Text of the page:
In August 1485 Suffolk's nephew by marriage, Henry Tudor, invaded England. The duke, like so many of his peers, failed to participate at the Battle of Bosworth Field, unlike Lincoln, who fought for the king. Neither of them were sanctioned for any part they had played in the previous regimes. Indeed, Suffolk almost immediately regained Wallingford (since Lovell had been attainted after Bosworth), and played an active role in Henry VII's first parliament. In October 1485, de la Pole raised men against rebels in Norfolk who had been "associating" with the Scots. The following year, Lincoln took part in Lambert Simnel's rebellion in 1487, possibly with the intention of claiming the throne himself. Confronting Henry's army at the Battle of Stoke Field, Lincoln was killed in the fighting. Soon after Henry's accession, Suffolk subscribed to royal diktat not to distribute livery or assemble great retinues; this Suffolk ignored, in order to continue to his campaign against those he believed to be in possession of manors claimed by the duke.
Notwithstanding the rebellion and death in battle against the king of Suffolk's son and heir, the duke does not seem to have lost the trust of King Henry. He was once again appointed trier at the 1487 parliament, and mustered men for Henry's expedition the next year. Around the same time he also lost the constableship of Wallingford again. Although Suffolk did not actually lose much under Henry Tudor, his heirs were to suffer. At the 1487 parliament that Suffolk attended, Lincoln was attainted for treason; Suffolk kept his own lands and also those he had granted Lincoln; but this was only for his life, and on de la Pole's death, these estates were to revert to the crown. This was not long to be effected. Although Suffolk seems still to have been alive on 14 May 1492, when he sat as county JP he was certainly dead six days later. He was buried, wearing the mantle of the Order of the Garter, in the college he founded at Wingfield in Suffolk in a 'splendid' tomb which belied the "discreet obscurity" in which he had spent his final years. His head rests on a helm surmounted by the Saracen head crest of the de la Pole family which appears "with wavy hair bound with a jewelled fillet and ear ring in the right ear." Elizabeth, who died later, was buried next to him wearing a widow's barbe.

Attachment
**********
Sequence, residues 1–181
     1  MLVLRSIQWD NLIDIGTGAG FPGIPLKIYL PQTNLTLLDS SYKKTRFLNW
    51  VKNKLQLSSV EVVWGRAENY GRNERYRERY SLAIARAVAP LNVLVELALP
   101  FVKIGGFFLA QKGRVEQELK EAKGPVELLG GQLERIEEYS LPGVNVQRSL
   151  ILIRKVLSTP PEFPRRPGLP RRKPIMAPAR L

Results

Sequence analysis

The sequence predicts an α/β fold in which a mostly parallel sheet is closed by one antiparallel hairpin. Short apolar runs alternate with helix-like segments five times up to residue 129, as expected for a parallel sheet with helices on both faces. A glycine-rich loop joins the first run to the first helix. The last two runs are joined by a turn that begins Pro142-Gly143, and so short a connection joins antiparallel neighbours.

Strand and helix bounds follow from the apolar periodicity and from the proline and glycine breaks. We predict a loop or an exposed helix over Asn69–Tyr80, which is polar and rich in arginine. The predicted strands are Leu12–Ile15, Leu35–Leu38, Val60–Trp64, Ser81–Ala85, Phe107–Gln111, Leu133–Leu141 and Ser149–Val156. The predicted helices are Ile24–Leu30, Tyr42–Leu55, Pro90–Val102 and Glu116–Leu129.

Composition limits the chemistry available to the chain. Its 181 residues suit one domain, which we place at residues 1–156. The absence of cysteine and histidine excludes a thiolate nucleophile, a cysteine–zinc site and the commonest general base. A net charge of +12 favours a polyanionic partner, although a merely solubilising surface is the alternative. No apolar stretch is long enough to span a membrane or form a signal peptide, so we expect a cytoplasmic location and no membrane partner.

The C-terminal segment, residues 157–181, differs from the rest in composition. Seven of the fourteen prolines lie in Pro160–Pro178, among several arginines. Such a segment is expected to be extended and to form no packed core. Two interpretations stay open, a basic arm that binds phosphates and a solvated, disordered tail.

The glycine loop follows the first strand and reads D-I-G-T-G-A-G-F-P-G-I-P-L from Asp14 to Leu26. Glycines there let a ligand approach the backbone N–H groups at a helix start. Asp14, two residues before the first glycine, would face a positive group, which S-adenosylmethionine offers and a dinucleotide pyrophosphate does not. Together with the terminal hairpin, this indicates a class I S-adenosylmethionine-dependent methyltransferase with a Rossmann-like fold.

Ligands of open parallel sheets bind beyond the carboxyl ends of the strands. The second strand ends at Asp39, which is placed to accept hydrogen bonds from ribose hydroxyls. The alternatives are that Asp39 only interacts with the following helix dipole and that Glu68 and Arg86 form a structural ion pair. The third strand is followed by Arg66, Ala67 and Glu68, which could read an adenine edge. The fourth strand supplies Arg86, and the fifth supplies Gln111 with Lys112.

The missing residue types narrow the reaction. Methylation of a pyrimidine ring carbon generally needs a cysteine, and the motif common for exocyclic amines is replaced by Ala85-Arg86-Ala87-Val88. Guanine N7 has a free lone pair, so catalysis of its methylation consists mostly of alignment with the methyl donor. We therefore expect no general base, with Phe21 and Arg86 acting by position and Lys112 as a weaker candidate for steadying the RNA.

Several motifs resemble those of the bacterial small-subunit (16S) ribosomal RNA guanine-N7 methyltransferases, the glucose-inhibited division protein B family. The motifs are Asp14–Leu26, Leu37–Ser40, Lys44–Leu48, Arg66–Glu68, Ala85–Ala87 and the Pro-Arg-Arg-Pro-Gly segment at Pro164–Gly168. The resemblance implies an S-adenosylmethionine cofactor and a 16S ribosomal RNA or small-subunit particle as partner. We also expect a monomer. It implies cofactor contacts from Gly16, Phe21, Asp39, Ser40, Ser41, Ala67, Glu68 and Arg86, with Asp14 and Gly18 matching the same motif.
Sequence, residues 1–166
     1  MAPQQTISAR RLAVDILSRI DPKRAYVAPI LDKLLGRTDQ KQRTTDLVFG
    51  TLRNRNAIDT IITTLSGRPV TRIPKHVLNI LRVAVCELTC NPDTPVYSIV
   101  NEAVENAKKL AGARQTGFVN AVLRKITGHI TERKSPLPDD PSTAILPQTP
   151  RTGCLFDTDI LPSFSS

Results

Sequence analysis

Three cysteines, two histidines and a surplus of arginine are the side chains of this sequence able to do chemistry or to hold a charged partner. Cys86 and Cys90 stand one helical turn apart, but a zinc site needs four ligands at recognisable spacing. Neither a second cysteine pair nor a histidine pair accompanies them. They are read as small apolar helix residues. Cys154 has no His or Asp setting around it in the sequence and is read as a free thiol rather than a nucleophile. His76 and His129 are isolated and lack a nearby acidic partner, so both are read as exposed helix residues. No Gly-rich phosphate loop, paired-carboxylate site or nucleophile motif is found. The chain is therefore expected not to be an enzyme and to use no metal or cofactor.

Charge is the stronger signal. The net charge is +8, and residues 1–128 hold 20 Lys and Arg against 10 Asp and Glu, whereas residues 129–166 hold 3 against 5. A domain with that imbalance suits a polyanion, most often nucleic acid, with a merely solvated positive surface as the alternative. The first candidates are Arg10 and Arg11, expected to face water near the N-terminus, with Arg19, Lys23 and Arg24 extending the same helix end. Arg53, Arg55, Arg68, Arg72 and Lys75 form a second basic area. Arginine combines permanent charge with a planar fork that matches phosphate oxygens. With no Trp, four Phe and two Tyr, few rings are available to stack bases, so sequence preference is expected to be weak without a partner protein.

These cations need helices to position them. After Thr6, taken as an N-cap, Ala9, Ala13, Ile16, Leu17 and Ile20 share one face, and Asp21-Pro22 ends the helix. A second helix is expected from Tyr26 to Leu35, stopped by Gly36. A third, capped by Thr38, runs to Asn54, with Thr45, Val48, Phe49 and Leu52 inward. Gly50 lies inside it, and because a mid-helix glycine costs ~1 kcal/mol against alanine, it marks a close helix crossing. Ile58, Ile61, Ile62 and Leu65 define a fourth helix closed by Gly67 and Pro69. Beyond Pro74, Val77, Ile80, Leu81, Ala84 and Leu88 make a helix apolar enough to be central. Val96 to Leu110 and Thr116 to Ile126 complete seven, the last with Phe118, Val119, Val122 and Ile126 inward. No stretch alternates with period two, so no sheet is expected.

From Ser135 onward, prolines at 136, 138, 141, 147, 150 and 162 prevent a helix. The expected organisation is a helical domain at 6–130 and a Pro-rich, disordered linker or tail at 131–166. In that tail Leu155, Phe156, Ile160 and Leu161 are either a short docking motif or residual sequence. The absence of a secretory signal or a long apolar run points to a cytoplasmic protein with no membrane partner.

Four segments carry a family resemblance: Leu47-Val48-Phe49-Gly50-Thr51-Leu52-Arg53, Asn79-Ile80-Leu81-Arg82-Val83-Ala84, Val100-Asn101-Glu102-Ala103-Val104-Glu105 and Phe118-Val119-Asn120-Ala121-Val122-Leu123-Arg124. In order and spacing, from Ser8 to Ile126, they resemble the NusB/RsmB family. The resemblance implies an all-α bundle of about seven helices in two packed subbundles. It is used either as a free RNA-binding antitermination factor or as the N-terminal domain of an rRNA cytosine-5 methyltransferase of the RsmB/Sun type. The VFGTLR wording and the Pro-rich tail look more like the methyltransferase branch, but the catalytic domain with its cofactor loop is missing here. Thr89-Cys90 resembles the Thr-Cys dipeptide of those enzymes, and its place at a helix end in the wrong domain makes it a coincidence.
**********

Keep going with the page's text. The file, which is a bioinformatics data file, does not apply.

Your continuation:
Suffolk's tomb in St Andrew's Chapel of Wingfield church depicts him in effigy wearing a ducal robe and coronet. Historians have noted the difference between Suffolk's effigy and surviving effigies of some of his contemporaries (such as the Earl of Salisbury, for example, who is depicted on his tomb as merely a knight). It has been suggested that the nobility in general- and Suffolk in particular- were increasingly anxious "to set themselves apart from ther social inferiors." The tomb also bears what has been described by one antiquary as one of the "most beautiful representations" of both the Order and mantle of the Garter worn by fifteenth-century noblemen. It was complete with funeral armour, line of cresting, and his and his wife's faces were both done as portraits, and has been described elsewhere as "one of the finest examples" of the figure of a robed Knight of the Garter with his Lady.